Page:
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Why we're publishing real suicide notes, written by men who survived

“I’m more sorry than I have ever been about anything. But it’s not your fault and there’s nothing you could have done."

These aren't words you often read in a Sunday newspaper. These are words from a real suicide note. Words that offer an insight into a private, personal moment of pain.

Today, the Campaign Against Living Miserably (CALM) has published three real suicide notes in national newspapers to mark World Suicide Prevention Day. They are hard to read; shocking in fact. But more shocking are the facts behind these three individuals’ stories.

Stats released just days ago show that 4,287 men took their own lives in Great Britain in 2016 - that’s one man every two hours. The figures also show men are three times more likely than women to take their own lives. Which means, if you’re male and under the age of 45 in this country, the thing most likely to kill you is you.
If you’re male and under the age of 45 in this country, the thing most likely to kill you is you.

But the tide is slowly turning. CALM has been campaigning to keep men alive for more than ten years, and actively prevented 456 suicides in 2016. The national male suicide rate decreased slightly in 2015, and again in 2016, which the Office for National Statistics has put down to the work of organisations like CALM.

All of which proves our fundamental belief: suicide is preventable. In fact, all three men who authored the suicide notes we’ve published today lived to tell the tale.

Jonathan, now 30, penned his suicide note in 2012, before a stranger intervened and saved his life. Since then he has had suicidal feelings, but explains how he now knows how to cope with them:
"When those thoughts and feelings return they do so with the same intensity. But now I make sure I have an outlet for them. I recently used CALM's webchat and found that very useful. Just expressing my suicidal thoughts can take away some of the grasp they seem to have on me."

Ronnie, also 30, wanted to share his own note in order to reach others who might be feeling or have felt the same way. His message is clear:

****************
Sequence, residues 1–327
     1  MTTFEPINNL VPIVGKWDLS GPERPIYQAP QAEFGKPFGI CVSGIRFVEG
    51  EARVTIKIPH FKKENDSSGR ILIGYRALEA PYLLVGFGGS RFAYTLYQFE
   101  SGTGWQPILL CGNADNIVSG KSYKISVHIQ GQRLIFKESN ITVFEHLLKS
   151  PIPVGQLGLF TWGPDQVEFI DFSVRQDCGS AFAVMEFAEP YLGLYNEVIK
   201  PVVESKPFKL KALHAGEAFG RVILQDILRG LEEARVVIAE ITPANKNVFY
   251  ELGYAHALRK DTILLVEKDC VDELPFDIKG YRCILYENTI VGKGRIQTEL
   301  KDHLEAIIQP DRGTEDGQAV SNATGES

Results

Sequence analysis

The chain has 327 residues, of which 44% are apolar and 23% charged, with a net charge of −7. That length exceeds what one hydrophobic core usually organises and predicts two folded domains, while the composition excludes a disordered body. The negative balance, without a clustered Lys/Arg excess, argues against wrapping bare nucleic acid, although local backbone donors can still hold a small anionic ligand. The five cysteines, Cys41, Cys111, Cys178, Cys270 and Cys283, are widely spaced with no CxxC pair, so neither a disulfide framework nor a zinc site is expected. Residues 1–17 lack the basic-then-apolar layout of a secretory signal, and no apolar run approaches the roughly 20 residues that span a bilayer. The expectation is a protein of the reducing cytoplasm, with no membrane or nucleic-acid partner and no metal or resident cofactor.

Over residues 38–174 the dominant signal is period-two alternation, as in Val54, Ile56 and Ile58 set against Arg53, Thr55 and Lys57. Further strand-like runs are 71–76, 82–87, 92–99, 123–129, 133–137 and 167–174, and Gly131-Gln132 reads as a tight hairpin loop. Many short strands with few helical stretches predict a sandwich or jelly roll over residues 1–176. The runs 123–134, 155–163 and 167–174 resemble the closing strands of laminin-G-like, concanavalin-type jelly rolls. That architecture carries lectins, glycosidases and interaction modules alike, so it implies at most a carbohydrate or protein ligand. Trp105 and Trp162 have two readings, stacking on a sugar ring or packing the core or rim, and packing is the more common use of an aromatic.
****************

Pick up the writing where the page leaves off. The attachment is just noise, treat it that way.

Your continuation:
"If suicide could be as omnipresent in our society as cancer is today it would make it so much easier to talk about. It’s hard to know when someone is on that journey, but if my note resonates with you then it's worked. If someone who reads my note felt like I did, well, I want them to read it and decide, 'No. I won’t feel like this anymore.'"

Bobby, 35, has been able to find a way out of his darkest moments by focusing on the fact that nothing lasts forever.
"Suicide is a permanent solution to a temporary problem. We are all from the same family, but the illusion of being alone can be incredibly powerful. But it is just that - an illusion."

Today’s campaign is built upon our belief that more men like Jonathan, Ronnie, and Bobby can go through a rough time and live to tell the tale. CALM’s research shows that almost 4 in 10 men under the age of 45 in the UK have contemplated suicide at some point in their lives. It's not unusual to have those feelings from time to time. By sharing these stories, together we can help build a world in which it’s also not unusual to survive and go on to live a life less miserable.

Jonathan's story | Ronnie's story | Bobby's story

CALM’s free, confidential, and anonymous helpline and webchat are open every day, 5pm – midnight. If you need help, or know someone that might, more information is available here.